1. What do you do, and how long have you been doing it?
I have been a computer graphics professor at a German university since 1993.
2. What was your first job?
After my Master's Degree in Computer Science I joined a research department in Graz, Austria, to perform data analysis with data from space. We collaborated with NASA on Side Looking Airborne Radar and the job (its research leading to a PhD thesis) took me to NASA JPL in Pasadena several times per year. Being part of a scientific team on such a fascinating topic did truly change my life.
3. Where did you complete your formal education?
With a PhD at the Technical University of Graz, Austria.
4. How did you first get involved with ACM SIGGRAPH?
My first SIGGRAPH was 1989 in Boston! I have not missed too many SIGGRAPH conferences since.
5. What is your favorite memory of a SIGGRAPH conference?
.. of each SIGGRAPH conference: every time I come back from SIGGRAPH I overflow with ideas of what to do next in my research and in my teaching. It means updating my knowledge on computer graphics, it means filling my head with new ideas that become potential projects, and, since starting to be a member of a SIGGRAPH committee, it also means seeing again dear friends.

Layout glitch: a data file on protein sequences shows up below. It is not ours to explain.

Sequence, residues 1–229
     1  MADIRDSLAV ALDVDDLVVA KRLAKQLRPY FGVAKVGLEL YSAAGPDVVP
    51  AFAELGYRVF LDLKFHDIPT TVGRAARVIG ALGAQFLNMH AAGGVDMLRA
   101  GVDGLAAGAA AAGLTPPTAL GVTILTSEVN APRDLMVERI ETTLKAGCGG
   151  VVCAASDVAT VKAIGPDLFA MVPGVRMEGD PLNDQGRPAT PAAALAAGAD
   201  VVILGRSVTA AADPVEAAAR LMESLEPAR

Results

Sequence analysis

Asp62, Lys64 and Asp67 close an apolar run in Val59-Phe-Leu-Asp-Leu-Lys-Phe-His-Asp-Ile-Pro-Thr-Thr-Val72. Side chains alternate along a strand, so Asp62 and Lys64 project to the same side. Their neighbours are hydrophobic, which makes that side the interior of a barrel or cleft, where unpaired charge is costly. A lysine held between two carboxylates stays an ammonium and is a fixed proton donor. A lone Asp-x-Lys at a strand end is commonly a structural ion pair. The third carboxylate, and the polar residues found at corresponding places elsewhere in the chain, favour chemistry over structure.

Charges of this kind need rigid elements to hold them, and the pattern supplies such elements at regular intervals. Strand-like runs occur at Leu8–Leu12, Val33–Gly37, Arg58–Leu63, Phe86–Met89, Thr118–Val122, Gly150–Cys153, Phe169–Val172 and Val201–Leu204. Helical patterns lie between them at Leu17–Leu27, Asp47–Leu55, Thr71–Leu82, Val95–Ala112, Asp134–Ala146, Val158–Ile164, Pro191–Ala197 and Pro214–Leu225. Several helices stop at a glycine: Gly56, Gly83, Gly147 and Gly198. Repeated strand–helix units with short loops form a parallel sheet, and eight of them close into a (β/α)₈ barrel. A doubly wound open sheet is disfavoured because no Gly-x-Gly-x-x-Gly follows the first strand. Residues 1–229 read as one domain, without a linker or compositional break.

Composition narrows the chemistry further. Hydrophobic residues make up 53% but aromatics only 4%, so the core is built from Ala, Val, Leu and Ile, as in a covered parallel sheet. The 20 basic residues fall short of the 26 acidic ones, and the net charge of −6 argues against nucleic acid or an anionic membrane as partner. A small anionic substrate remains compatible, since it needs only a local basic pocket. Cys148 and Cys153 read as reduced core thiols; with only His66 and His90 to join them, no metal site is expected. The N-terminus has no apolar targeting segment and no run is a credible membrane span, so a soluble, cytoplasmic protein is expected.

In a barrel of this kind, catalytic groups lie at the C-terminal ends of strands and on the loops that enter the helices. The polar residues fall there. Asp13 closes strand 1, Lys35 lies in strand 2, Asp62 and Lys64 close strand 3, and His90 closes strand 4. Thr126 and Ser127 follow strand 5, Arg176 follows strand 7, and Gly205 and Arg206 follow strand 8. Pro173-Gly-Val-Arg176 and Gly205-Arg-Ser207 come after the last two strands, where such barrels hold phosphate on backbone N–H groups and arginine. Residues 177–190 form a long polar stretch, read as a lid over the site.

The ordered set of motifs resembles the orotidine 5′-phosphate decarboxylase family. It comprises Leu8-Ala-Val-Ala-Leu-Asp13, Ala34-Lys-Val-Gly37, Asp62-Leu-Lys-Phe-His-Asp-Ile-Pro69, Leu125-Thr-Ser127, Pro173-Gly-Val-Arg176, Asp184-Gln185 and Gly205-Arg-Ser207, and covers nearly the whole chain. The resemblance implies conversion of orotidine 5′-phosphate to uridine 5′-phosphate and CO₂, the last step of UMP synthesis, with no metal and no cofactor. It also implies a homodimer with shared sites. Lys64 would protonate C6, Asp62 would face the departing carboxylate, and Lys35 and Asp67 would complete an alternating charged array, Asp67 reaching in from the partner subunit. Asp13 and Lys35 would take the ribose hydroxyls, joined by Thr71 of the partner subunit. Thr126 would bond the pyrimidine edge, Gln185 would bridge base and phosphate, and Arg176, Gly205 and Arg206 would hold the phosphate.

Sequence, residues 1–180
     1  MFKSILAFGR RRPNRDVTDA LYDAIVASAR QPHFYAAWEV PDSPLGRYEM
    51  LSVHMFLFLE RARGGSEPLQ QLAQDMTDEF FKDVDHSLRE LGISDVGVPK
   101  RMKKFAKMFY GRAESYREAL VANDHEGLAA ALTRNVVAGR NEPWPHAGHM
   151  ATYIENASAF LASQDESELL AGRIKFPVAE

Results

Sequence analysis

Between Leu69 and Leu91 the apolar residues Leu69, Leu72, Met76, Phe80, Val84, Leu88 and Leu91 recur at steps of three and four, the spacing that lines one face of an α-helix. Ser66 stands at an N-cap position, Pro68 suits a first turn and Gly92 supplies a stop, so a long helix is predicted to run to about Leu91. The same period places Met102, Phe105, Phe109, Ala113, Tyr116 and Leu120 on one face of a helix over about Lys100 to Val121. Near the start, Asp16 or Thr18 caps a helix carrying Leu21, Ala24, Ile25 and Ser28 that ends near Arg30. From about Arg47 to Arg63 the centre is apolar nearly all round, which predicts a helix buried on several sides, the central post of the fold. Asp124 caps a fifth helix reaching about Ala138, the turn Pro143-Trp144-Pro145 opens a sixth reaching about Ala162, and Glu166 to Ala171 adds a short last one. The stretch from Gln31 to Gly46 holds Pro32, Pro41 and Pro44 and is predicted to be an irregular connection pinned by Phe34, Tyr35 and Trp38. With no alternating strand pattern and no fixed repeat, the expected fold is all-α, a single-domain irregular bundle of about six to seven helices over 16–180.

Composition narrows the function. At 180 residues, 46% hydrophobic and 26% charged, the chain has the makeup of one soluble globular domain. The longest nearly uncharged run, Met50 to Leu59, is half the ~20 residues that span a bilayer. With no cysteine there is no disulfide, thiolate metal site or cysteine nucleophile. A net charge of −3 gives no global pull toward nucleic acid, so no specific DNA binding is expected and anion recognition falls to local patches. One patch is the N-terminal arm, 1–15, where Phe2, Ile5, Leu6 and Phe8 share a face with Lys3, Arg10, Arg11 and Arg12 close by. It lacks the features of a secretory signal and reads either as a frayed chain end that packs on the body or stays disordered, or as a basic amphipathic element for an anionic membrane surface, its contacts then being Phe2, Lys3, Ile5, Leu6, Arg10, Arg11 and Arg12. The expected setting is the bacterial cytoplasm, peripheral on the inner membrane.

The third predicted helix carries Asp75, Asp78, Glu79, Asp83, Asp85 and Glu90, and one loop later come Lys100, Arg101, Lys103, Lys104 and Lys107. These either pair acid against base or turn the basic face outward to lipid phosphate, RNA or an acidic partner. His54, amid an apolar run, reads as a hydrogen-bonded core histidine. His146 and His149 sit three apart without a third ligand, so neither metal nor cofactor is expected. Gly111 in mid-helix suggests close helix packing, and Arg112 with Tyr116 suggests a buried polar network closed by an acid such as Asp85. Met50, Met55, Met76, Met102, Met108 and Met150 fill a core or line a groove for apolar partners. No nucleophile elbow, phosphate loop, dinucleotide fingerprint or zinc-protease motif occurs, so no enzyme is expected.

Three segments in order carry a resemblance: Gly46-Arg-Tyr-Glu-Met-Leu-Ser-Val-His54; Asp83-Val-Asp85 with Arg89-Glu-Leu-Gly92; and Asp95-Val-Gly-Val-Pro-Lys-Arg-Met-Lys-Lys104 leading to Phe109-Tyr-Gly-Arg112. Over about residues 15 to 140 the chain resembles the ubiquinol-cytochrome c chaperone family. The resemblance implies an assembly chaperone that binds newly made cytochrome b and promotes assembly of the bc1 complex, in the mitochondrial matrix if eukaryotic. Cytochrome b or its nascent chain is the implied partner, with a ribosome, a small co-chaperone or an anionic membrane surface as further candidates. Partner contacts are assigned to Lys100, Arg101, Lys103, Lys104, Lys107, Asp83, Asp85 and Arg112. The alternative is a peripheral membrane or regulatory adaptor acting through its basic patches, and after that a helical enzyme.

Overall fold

6. Describe a project that you would like to share with the ACM SIGGRAPH community.
Sometimes I visit high schools to give a talk about the computer science program at my University, and I realized that there are many girls interested in and achieving high grades in math, however, we still lack girls in our computer science programs. So I started a summer workshop with high-school students interested in Math, to implement matrix and vector calculations to develop a virtual world and a car racing game in it. I wanted to show how creative math is – because any animated 3D-graphics on a computer is nothing but math. An account of the work was published in IEEE Computer Graphics and Applications, and can be found in the IEEE Xplore Digital Libary at http://ieeexplore.ieee.org/xpls/abs_all.jsp?arnumber=6415480.
7. If you could have dinner with one living or non-living person, who would it be and why?
Sorry, I pass on that. I had dinner with many exciting, kind, humorous, and/or generous people in my life, that are not world famous, but the dinners with them were very memorable. I would just like to continue that, be part of the research community, and meet as many of the people who make conferences and universities exciting as I can. And some of my best dinners were at the fringe of SIGGRAPH conferences!
8. What is something most people don’t know about you?
My age 🙂
9. From which single individual have you learned the most in your life? What did they teach you?
From my mother: Get up early and DO something useful. Helps me get through my morning run every day.
10. Is there someone in particular who has influenced your decision to work with ACM SIGGRAPH?
Scott Owen! When he was director of the ACM SIGGRAPH Education Committee, he asked me to join the committe in 1992. I am still in the committee and Scott and I still work together on various projects.
11. What can you point to in your career as your proudest moment?
Finishing my PhD. And knowing that it cleared my path to do scientific work.